Bernedoodle Varities

F1- first generation Goldendoodle, cross between a full-blooded Bernese Mountain Dog and a full bloosed Poodle, 50-50 cross (more hybrid vigor, meaning puppies are generally larger and healtheir than their parents

F1b- Back cross Bernedoodle, generally a cross between an F1 Bernedoodle and a full-blooded Poodle, but can be an F1 Bernedoodle crossed back with a Berner. The F1 and Poodle tend to be the most popular since they are more hypoallergenic and have less shedding, still has some hybrid vigor. It can be harder to produce tri-colors. 

F2- F1b bred to an F1b (once you start breeding the multi-generations you lose all consistency of litters, some may look more like Berners, while some look more like Poodles, tend to lose more of their hybrid vigor

Multi-Gene- F2s and higher bred together (once again, you lose a lot of your consistency, still a beautilful dog, but have several different looks in a litter

Bernedoodle Colors & Coats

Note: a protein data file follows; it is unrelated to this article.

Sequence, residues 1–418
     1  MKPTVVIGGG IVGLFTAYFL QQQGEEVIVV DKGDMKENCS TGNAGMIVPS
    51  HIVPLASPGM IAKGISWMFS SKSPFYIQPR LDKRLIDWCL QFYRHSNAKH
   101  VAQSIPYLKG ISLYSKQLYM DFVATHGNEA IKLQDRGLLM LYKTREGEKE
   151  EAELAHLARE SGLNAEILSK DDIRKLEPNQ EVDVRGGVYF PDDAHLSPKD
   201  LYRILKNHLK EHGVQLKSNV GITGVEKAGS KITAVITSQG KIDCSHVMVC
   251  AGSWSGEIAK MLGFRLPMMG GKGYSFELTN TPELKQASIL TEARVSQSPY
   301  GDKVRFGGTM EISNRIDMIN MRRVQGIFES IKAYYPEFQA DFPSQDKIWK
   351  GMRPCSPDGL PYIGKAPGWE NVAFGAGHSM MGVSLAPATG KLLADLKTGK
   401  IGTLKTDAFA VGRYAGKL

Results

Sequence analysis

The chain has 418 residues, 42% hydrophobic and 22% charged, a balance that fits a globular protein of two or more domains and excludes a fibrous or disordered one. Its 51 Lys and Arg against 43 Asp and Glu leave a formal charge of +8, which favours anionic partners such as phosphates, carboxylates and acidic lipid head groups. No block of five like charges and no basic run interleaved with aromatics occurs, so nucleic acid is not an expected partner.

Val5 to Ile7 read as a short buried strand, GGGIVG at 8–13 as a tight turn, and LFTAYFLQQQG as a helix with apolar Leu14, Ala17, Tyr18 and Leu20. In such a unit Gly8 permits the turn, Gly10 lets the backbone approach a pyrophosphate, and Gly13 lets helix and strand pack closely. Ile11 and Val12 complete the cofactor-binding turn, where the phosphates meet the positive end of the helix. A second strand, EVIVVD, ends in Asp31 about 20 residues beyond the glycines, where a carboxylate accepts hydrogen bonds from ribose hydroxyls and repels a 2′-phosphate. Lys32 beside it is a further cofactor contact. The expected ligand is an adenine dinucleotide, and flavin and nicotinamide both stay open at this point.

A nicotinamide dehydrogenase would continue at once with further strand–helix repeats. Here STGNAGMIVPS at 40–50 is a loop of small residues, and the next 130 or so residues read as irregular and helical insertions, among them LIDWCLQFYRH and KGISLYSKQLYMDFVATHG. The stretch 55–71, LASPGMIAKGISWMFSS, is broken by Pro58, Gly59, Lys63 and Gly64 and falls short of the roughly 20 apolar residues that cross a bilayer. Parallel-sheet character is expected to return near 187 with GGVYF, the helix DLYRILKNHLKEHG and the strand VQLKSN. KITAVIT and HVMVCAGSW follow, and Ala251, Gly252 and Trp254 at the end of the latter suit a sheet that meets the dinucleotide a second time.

Bernedoodles can come in a variety of coat colors. I have produced tri-color and black and white puppies thus far, but sable and white, sable tri-color, merle, solid black and other colors are also available. Traditional tri-color is the most popluar and hardest to produce, which is why they are the most expensive.

Coats can be wavy or curly. Our F1s tend to have a wavy, fluffy coat. Bernedoodles should be brushed weekly and bathed once every 1-2 weeks. Professional groomers may be required to keep the hair trimmed and managable. The longer their hair, the more brushing they will need to help keep matts out.

Shedding is minimal. F1bs tend to have curlier coats and less shedding.  

Sable Tri-Color